“Goddamn Mr. Ree!” I said while gazing upon the bodies of nine hired guns; their brains were splattered across the dusty Elkhorn street, “I thought you were only decent with a rifle!”
“Heh! I guess I’m better than I thought,” he replied.
“Billy Friedkin and Dickleburg managed to ride away,” said Sheriff Oppenheimer, “we gotta get these bodies off the street.”
Right then the town’s undertaker, Fred Ward, stepped out of the whore house wearing only his long johns. “Sorry for disturbing you on your day off,” Oppenheimer said to him.
“Oh it’s alright,” Fred replied, “I got the whiskey dick anyway.” He immediately began loading the bodies into his carriage.
“When Dickleburg returns,” the sheriff said to me and Mr. Ree, “he’ll bring an army.” He then looked back over the carnage in front of his office. “Son of a bitch!” he yelled, “this went worse than I was expecting
The three of us rode back to Oppenheimer’s place where Maybelline and Malachi were waiting. “Thank goodness you are all alright!” Maybelline declared. She strutted right past her husband and hugged me. “I don’t know what I’d do if you were killed,” she said.
Oppenheimer spoke up. “Maybelline, bring me a bottle of scotch,” he ordered, “come on men, we have work to do.”
We all went out to the barn where Oppenheimer removed the tarp over his time portal device. He began scribbling down some equations on a note pad. “According to my calculations,” he said, “we’re gonna need five tons of gold to get this thing operational.”
“That’s a lot of gold,” I replied.
“And we have very little time to get it.”
“Any idea where we could find that much in such short of time?” asked Mr. Ree.
“The average prospector will only find a fraction of that amount in his or her lifetime,” Oppenheimer responded, “but…”
“But what?” I asked.
“But, the mother load is here in Elkhorn.”
Right then Maybelline brought in the scotch. Oppenheimer opened the bottle and started chugging. “It’s under Mr. Rockwell’s land,” he finally stated.
“So what’s the big deal?” I asked, “we’ll just go over there and take it under the cover of night.”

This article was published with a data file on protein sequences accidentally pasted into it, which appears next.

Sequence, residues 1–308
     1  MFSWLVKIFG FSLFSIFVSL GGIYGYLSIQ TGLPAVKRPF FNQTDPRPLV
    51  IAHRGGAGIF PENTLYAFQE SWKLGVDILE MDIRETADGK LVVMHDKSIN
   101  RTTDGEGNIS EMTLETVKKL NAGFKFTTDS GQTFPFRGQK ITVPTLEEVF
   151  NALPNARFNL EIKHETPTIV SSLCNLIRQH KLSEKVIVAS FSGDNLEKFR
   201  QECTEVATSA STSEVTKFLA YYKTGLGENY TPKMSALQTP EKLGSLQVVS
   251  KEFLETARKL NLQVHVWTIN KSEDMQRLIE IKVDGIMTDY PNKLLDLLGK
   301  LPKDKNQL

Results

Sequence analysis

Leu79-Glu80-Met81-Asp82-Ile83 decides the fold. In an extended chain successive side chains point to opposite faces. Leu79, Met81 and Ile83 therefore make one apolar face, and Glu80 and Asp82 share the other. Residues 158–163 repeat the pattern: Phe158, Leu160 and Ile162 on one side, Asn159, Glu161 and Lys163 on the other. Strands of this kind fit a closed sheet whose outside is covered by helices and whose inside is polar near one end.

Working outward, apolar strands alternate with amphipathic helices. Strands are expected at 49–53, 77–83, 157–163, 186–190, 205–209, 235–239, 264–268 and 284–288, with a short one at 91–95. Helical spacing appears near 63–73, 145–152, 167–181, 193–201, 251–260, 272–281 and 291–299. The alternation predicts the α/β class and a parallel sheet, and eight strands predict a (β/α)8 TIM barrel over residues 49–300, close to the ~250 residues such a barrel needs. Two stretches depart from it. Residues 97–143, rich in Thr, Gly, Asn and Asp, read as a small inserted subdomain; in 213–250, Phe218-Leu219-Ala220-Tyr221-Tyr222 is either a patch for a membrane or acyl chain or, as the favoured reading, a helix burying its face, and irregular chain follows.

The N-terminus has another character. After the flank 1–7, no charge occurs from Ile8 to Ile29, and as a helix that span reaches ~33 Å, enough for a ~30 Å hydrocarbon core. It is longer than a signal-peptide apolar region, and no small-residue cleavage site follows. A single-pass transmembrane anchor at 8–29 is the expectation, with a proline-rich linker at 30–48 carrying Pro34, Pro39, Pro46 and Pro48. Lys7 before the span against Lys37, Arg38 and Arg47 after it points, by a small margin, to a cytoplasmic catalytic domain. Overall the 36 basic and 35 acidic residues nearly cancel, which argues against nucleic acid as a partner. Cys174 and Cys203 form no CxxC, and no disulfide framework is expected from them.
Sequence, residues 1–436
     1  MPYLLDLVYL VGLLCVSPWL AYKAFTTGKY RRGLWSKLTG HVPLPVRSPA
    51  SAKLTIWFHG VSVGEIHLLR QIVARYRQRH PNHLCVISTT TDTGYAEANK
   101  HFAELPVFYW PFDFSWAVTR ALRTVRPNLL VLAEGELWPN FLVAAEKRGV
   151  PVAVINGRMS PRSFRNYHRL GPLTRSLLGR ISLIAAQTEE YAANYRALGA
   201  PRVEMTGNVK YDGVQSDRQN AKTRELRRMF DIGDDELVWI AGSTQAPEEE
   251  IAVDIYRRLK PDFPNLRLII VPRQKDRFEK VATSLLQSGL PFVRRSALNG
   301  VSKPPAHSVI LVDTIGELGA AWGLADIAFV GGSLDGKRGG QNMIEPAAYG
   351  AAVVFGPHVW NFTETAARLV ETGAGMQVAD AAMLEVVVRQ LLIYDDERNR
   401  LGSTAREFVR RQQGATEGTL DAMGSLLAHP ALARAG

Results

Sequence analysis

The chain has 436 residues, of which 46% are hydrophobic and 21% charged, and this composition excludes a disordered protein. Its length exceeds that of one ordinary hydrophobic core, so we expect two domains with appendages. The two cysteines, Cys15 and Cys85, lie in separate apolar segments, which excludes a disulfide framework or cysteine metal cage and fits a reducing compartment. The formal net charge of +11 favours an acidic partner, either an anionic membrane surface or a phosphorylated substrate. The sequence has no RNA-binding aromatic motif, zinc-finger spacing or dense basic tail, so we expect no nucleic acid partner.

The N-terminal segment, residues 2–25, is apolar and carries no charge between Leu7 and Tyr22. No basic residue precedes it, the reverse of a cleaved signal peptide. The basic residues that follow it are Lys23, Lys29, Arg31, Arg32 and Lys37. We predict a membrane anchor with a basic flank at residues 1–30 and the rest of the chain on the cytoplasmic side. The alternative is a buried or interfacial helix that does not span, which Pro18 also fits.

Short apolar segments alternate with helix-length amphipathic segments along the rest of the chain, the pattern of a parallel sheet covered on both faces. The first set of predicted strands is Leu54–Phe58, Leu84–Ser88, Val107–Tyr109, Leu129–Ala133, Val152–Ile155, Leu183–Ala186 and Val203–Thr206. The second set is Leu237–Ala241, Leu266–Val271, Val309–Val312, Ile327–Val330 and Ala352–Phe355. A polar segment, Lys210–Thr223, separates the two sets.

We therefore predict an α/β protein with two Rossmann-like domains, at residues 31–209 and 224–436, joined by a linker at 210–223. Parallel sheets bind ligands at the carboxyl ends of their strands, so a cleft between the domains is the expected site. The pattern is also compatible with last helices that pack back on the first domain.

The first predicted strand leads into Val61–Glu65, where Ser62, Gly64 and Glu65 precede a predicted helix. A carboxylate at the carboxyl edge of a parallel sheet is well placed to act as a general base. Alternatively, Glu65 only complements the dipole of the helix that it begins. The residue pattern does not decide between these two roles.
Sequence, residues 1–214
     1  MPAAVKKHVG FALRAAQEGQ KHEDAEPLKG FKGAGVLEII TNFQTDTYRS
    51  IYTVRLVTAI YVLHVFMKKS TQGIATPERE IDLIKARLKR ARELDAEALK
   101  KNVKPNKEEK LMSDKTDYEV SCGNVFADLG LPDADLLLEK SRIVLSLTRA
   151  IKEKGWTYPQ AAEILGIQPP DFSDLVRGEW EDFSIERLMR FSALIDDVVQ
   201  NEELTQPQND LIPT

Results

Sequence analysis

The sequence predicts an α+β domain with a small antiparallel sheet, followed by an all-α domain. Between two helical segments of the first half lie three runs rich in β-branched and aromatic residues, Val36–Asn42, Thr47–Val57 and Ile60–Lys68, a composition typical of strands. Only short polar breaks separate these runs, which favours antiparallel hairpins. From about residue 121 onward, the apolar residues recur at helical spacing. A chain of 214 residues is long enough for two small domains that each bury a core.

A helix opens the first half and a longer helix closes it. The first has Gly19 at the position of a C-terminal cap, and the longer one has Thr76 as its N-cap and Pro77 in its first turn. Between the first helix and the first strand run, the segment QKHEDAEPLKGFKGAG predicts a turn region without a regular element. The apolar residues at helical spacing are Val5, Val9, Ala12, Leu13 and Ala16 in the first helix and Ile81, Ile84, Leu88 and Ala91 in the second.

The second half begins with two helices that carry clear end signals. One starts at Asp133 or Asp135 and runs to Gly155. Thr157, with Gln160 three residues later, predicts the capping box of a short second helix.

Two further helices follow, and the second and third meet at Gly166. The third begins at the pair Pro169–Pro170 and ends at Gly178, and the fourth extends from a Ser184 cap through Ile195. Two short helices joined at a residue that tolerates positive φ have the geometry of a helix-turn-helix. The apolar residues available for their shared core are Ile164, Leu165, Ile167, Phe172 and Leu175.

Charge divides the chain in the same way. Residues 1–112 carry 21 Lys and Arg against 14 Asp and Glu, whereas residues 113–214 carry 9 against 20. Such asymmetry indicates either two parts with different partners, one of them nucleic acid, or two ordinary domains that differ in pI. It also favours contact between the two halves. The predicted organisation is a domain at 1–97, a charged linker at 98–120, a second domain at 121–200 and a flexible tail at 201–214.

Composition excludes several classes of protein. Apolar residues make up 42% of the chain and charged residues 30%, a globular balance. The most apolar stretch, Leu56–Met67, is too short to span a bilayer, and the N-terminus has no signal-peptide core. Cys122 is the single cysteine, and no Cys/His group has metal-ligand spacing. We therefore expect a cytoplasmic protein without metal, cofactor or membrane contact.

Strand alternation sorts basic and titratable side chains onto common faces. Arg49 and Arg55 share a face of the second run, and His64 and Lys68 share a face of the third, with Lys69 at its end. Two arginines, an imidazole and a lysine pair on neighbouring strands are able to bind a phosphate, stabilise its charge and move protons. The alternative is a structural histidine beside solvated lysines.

“It’s not that simple.”
“How do you know it’s there?” Mr. Ree inquired.
Oppenheimer took another swig of scotch. “Because history says it there. One of the largest gold deposits of all time is there.”
“I thought you said history is slightly different in this timeline. It might’ve been there in our timeline, but there’s no guarantee it’s there now.”
Oppenheimer closed the bottle and straightened himself out. “That’s the risk we gotta take,” he said.
I shook my head. “I don’t understand this time bullshit,” I stated, “it’s either here or it’s not. You’re the scientist. Make it make sense.”
“Time isn’t necessarily linear,” Oppenheimer explained, “it’s more like a color wheel. Our timeline might be orange, for example, but the one we’re in now might be light orange. There are some similarities between the two but there’s no telling where the timelines might diverge. To make make matters worse, even if we could get the gold, time is not only a color wheel, but it’s an INFINITE color wheel, seemingly. Pinpointing your EXACT spot on the wheel would be like looking for a needle in a haystack. No…worse…a needle in an entire universe!”
“So we can only hope for the best,” Mr. Ree responded.
Malachi wondered into the barn. “Are you okay daddy?” he asked while rubbing his eyes.
Oppenheimer kneeled down before his son and held him in his arms. “Of course I am,” he said, “everything will be alright. You and your mother shouldn’t worry.”
Maybelline picked up Malachi to escort him to bed. Mr. Ree and I stood silently while we watched the small family comfort each other. After the mother and son left, Oppenheimer kept his back facing us. “Dickleburg will stop at nothing to get what he wants,” he uttered, “if anything happens to me, I want you two to take my wife and son to whatever timeline you end up in. Being there will be safer than being here.”
After he turned around, the sheriff and former scientist wiped a tear from his eye and picked up a shovel. “Tomorrow we’ll ride out to Mr. Rockwell’s land,” Oppenheimer stated, “and we’ll pray to god that we’re in the right timeline.”
TO BE CONTINUED…